Lenders have tightened their criteria in recent years, and a poor credit score can severely limit your options when it comes to securing loans, credit cards and mortgages. Defaulted payments, CCJs, missed payments to credit cards of utility suppliers and bankruptcy all leave a black mark. If you need to check your credit rating or improve your score, here's how to do it.
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Most lenders carry out a credit check before deciding whether to lend you money or issue you with credit. The most popular credit reference agencies are Equifax and Experian, some may also use Callcredit. Every time you request or obtain credit, it leaves a footprint on your record. To see your record for yourself, contact the agencies direct. Some companies charge a minimum fee for this. Experian offer a free 30-day trial whereby you can view your credit history.
There is no one 'universal' credit rating or score held against your name and no such thing as a blacklist. Just because one lender has rejected you, it doesn't automatically mean others will.
The ratings differ between the various companies, but your credit file should make it clear how you score. For example, with Equifax, a score over 400 is good, below 299 is very poor. Experian scores range from zero to 1,000, and a score of more than 961 is excellent.
How can I prevent my score dropping?
Once you receive your credit report, check that there are no mistakes. Look for records of other people's debts or payments, or past debts that have already been settled, and if you find any errors, write and tell the agency.
Secondly, if your credit score is poor, stop applying for credit. Every time you apply and are turned down for credit, it will put a black mark on your file. If you do try to get credit, be sure to ask for a quotation search and not a credit search.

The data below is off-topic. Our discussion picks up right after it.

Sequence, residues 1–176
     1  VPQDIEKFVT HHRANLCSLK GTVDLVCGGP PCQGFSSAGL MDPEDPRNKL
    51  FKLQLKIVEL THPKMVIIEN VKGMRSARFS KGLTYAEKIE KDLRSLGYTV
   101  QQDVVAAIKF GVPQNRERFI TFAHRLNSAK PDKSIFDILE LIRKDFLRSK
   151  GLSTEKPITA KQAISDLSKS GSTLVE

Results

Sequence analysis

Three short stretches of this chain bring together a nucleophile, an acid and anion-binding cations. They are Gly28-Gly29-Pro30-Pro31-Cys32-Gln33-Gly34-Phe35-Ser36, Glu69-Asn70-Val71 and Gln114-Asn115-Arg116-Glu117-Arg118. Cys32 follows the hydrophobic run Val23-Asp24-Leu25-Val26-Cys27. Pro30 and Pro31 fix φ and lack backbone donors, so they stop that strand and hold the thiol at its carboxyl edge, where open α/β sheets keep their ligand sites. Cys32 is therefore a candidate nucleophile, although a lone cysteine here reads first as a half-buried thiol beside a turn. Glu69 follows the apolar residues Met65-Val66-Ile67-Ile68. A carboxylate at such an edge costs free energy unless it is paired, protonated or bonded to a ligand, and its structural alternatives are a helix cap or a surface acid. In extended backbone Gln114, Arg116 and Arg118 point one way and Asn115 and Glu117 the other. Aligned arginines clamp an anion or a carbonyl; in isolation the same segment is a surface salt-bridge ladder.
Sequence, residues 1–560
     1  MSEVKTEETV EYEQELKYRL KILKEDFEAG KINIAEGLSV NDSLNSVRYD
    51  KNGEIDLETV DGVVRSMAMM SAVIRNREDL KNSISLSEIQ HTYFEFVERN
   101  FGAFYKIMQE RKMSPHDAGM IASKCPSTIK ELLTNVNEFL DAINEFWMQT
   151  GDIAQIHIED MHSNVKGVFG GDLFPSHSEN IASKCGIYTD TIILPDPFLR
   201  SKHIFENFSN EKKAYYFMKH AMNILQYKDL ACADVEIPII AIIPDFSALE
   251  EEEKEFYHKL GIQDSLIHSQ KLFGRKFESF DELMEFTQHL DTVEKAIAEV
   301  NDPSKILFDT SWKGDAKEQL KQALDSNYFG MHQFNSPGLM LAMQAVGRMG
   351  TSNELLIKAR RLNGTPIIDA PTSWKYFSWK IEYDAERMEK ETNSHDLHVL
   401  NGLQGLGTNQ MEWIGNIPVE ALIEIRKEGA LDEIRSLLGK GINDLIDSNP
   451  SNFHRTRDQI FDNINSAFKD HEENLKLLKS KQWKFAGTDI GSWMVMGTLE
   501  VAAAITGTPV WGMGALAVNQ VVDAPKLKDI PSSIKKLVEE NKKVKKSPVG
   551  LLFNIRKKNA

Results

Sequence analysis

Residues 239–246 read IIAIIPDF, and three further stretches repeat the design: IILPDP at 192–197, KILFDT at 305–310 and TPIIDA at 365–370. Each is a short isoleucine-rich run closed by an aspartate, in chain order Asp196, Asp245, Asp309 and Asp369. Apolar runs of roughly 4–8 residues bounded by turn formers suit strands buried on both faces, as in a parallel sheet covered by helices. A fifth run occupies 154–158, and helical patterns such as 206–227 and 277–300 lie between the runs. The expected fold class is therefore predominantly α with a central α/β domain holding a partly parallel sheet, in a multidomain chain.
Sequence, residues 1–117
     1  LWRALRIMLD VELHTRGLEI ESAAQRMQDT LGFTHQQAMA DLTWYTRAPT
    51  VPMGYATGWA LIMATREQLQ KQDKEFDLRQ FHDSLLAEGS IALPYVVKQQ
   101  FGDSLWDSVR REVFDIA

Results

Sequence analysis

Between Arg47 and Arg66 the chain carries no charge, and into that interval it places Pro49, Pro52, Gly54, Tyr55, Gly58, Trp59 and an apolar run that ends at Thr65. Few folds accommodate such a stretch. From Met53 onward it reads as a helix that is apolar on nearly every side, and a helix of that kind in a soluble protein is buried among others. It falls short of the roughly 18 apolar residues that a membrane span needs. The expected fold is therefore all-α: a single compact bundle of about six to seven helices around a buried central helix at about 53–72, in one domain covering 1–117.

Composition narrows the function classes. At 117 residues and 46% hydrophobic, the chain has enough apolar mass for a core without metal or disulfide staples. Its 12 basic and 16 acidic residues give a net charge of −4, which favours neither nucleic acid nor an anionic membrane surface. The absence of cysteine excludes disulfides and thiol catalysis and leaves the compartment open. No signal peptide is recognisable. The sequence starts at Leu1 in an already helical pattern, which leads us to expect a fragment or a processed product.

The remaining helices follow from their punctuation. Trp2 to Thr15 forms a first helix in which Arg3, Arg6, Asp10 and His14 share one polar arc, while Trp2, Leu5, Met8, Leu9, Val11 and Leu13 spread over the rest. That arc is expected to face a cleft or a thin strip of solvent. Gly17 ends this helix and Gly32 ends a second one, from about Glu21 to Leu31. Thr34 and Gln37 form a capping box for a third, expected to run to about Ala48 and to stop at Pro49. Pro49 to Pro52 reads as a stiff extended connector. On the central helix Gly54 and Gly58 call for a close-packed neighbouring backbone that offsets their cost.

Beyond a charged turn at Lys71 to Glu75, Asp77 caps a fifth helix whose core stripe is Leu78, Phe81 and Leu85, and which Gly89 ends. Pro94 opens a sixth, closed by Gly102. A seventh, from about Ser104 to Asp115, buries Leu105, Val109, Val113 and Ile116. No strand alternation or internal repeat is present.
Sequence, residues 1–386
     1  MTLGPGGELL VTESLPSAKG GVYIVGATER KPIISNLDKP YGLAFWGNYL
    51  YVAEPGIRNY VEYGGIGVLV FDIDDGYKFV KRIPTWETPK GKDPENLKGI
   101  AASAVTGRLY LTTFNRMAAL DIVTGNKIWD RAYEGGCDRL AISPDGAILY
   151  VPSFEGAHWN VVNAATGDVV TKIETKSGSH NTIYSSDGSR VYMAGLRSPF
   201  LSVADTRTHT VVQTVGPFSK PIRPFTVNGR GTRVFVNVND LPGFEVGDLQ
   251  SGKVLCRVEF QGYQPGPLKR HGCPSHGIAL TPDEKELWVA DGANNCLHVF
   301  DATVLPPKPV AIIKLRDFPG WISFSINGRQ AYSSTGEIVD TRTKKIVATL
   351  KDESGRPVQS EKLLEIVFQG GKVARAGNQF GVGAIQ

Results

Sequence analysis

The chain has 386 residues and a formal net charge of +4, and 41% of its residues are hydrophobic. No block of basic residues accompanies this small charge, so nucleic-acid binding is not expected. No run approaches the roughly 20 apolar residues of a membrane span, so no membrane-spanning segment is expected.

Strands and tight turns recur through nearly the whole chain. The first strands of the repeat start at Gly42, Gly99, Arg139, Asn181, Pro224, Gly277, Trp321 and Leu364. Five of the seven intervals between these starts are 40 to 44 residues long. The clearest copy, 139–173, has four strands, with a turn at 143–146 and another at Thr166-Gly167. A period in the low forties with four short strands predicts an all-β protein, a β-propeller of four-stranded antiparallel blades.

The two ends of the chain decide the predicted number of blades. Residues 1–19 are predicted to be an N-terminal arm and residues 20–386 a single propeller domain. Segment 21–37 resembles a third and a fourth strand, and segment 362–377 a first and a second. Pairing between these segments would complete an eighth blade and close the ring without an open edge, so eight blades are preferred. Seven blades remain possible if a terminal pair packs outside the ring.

It's vital to keep up with repayments for existing credit agreements. If you have problems paying, speak to the creditor and see if there is any way you can spread the cost and make smaller repayments. Each time you miss a payment, and this includes going over your overdraft limit, it will be recorded on your credit history.
How can I improve my credit score?
If you haven't taken out credit before, borrowing is the quickest way to boost your rating. This is because lenders prefer to lend money to people with a history of borrowing and sticking to credit agreements and repayments.
It's a good idea to buy goods on a credit or store card, as long as you repay the minimum amount each month and don't miss a payment. If you already have a low score, this may be difficult to do without paying hiked interest rates. If you can face paying as much as 35% APR, it may be worth taking out a 'credit rebuild card'. Spend just £50 a month, and repay in full every time, and you should hopefully see your rating improve within a year.
You're too good at paying your debts
Companies aren't just looking to weed out poor payers. Credit card companies may reject people with a good credit rating who repay their cards in full each month. In order to make money, lenders prefer people who areperpetually in debt, never defaulting, but always meeting the minimum repayment. If you don't use your cards enough, shift debt to 0% cards, and always repay in full each month, some may reject you.
What else you can do
You will appear more attractive to lenders if you have a land phone line, a long-term employment history and a long history with the same bank, and have been renting or owning the same property for some years. Avoid payday loans and never withdraw cash on credit cards, as this is evidence of 'poor money management.'
When you apply for credit, make sure you fill out the form accurately and are consistent. Fraud scoring firms filter applications and look for inconsistencies - and switching your job title each time or using a different phone number can go against you.
Finally, don't forget to make sure you're on the electoral roll. It's free, and as long as your address and details are correct, lenders will look more favourably on your score.